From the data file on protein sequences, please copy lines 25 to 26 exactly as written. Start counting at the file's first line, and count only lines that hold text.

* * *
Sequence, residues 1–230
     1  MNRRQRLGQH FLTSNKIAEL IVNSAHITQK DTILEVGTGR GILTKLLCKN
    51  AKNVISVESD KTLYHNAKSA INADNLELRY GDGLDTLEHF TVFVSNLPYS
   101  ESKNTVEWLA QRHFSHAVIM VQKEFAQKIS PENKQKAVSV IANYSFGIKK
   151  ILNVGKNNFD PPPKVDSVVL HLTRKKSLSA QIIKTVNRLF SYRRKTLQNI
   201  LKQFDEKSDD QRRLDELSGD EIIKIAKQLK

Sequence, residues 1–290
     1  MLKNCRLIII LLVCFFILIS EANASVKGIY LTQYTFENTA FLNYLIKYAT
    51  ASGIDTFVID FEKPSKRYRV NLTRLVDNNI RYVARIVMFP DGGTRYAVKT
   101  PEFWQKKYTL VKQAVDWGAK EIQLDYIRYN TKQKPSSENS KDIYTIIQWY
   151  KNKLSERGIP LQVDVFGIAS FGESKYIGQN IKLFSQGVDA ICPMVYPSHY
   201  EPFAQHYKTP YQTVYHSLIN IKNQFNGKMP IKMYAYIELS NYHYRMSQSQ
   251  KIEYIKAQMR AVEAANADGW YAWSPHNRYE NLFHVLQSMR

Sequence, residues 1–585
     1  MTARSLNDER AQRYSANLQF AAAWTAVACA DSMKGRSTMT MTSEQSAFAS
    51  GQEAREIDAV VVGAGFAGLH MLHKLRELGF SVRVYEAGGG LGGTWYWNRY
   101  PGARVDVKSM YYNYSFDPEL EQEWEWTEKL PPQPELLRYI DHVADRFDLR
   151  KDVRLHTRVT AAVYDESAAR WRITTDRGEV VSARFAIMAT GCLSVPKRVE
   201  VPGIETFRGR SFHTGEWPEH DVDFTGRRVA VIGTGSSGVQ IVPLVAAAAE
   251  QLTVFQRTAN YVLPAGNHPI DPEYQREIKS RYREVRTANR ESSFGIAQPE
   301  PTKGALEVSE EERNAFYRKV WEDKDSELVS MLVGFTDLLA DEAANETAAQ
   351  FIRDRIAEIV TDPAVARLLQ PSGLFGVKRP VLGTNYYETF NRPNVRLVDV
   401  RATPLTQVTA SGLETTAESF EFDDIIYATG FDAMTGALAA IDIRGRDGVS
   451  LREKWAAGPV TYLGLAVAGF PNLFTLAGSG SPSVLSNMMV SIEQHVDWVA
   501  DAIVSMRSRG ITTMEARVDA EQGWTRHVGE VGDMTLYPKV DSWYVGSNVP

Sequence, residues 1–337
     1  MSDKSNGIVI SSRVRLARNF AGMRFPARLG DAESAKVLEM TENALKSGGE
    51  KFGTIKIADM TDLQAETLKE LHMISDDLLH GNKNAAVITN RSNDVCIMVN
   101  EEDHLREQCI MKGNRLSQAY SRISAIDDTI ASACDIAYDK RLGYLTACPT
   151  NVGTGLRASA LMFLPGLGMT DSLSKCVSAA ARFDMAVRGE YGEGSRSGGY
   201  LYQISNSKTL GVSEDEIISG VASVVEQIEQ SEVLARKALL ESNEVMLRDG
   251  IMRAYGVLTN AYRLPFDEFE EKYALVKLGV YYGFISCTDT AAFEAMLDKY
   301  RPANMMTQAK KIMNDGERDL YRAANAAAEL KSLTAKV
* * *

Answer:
   501  DAIVSMRSRG ITTMEARVDA EQGWTRHVGE VGDMTLYPKV DSWYVGSNVP

Sequence, residues 1–337